Often times while working on your shiny new object, you feel that something just isn’t right; it doesn’t look how you want it to in the game. The shadows are too dark, or highlights are too bright. Maybe your object looks “flat.” These are all things that can be controlled and edited via the multiplier. Baking a multiplier can be a very time-consuming and a very resource-intensive operation for your computer to perform, and understandable, it’s probably not something that you want to wait through multiple times while working on one object. Thus comes into play your graphics editing program – Photoshop, GIMP, Paint Shop Pro, and the like. In this article I’ll cover instructions on how to adjust multipliers in Photoshop via the “Replace Color” function.
To start with, open your original baked multiplier in Photoshop.
Under the Images menu, go to Adjustments, and then select Replace Color.
Near the top of the dialog box, there should be a window for “Fuzziness.” Slide it all the way to the right to 200. Now, depending on what you are trying to do, you will do one of two things below.
To make shadows lighter
With the Replace Color dialog still open, move it out of you way so you can still see it, but so that you can also see your multiplier. Hover over your image and your cursor should change to the eyedropper icon – click on the darkest part of your multiplier.
Look towards the bottom of the dialog box now, and find the “Lightness” slider. Raise it up a little bit, until you notice the darkest parts getting lighter. Generally, anything from +15 to +25 should lighten black to a decent dark charcoal gray.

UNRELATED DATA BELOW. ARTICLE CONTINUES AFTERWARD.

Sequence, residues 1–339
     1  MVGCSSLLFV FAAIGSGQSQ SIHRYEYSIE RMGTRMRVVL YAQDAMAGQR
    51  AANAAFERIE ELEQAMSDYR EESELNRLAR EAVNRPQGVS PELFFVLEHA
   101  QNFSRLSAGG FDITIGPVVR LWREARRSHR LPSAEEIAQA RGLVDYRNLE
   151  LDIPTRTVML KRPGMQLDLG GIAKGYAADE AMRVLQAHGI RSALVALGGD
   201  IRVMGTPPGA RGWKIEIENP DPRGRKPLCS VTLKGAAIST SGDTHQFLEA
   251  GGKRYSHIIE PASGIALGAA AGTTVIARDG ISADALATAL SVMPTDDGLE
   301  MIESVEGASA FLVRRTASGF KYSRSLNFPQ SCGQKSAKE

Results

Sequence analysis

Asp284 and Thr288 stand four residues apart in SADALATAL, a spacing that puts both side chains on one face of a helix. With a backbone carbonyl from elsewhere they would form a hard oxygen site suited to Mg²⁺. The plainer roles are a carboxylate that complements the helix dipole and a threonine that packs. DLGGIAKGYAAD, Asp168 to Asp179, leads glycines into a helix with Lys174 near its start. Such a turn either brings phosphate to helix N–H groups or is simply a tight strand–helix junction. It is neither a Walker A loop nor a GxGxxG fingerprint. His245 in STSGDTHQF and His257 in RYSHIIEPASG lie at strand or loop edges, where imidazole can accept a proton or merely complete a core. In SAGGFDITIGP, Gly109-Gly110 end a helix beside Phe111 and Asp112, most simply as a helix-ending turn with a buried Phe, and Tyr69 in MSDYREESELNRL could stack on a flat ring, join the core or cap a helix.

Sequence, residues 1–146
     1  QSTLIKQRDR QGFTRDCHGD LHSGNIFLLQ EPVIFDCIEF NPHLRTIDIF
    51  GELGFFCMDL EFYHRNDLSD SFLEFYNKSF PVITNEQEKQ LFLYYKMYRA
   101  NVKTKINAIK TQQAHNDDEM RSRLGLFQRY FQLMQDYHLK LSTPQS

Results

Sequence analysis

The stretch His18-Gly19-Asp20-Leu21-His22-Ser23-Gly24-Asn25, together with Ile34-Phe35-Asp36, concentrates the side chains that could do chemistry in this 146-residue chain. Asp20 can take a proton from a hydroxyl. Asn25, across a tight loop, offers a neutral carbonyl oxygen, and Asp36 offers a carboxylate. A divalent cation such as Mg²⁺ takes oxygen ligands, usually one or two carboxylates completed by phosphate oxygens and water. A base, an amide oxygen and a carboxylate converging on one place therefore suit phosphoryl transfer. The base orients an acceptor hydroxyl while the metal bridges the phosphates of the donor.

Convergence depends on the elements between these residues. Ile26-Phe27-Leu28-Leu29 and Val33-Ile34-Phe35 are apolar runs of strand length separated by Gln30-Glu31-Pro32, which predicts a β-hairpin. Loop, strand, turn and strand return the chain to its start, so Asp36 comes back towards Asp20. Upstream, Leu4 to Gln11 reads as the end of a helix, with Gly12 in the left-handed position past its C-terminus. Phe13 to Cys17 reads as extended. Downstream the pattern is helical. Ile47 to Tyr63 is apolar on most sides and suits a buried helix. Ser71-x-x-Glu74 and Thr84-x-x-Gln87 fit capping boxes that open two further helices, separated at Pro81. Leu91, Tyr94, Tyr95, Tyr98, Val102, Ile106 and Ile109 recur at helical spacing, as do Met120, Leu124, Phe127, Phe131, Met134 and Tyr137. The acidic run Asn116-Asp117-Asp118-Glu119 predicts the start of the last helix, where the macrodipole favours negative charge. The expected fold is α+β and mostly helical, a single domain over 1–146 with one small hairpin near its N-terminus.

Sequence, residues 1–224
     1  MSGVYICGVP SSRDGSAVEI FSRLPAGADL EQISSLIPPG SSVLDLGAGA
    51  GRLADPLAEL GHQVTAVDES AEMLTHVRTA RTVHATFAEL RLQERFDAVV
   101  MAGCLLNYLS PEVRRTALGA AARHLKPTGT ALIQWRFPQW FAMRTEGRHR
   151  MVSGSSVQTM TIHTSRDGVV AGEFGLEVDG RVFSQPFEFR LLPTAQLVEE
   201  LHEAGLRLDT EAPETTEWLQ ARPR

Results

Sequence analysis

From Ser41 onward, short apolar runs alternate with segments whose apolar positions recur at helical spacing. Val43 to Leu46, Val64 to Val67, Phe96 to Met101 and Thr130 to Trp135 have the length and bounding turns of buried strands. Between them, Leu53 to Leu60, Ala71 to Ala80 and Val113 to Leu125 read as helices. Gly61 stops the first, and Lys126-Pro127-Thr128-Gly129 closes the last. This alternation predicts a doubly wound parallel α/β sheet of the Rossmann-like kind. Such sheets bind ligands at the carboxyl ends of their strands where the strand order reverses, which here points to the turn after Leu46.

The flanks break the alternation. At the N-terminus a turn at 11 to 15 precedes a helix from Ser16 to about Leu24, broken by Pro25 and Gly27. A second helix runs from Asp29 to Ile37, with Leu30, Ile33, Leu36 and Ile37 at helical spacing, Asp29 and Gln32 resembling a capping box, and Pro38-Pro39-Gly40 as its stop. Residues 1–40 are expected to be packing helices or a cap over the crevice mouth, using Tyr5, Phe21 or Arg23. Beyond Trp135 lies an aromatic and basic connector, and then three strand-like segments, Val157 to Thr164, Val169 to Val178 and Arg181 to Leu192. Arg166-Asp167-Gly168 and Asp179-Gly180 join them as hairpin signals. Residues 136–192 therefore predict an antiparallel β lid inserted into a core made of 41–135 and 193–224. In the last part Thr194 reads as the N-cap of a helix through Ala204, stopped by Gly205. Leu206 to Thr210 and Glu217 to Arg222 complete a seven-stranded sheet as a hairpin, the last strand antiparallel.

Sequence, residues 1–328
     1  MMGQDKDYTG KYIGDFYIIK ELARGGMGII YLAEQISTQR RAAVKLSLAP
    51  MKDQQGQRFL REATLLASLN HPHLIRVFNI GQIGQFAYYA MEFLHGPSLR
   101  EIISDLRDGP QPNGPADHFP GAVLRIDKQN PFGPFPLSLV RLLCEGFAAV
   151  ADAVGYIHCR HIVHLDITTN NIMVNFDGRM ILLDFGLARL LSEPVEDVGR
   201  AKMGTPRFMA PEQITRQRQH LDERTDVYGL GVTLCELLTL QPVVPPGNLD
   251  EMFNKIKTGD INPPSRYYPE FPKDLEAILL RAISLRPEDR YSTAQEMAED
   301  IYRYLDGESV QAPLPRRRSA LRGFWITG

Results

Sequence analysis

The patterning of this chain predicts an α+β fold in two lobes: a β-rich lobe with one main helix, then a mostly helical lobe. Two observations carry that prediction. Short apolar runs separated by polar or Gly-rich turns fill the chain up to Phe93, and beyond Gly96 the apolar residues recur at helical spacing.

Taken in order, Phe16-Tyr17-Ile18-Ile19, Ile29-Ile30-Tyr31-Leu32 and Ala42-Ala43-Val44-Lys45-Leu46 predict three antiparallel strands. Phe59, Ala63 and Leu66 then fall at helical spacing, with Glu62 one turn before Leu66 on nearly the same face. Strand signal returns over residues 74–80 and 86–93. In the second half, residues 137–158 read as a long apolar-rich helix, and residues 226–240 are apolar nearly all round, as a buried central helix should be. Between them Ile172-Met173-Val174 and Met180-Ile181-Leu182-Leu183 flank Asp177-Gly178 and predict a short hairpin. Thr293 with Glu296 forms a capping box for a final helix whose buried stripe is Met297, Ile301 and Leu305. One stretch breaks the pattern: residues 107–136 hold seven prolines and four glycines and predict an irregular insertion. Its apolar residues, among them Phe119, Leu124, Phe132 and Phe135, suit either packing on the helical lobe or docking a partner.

To make highlights darker
With the Replace Color dialog still open, move it out of you way so you can still see it, but so that you can also see your multiplier. Hover over your image and your cursor should change to the eyedropper icon. Click on the lightest part of your multiplier. Again, find the “Lightness” slider at the bottom of the dialog, and this time we are going to lower it. I find that sometimes darkening things takes a little more power than lightening them, so anything from around -10 up to -35 (for near white shades) could be used.
Between these two methods, you should be able to balance out the contrast and shadows so that your multiplier is generally all some shade of balanced gray.
Some people may think that having the highlights a brighter shade of gray (almost to the point of being white) is better and that it shows “truer” and “brighter” colors in the game, but that’s not necessarily true. By keeping everything a medium shade of gray, you give the texture room to get brighter or darker, depending on lighting in the game. If the multiplier is white, then it won’t be able to get any brighter in the game when lights are on (and it would be far too bright even when no lights are on). The same stands true with using black for shadows — when lights go off, they can’t get any darker.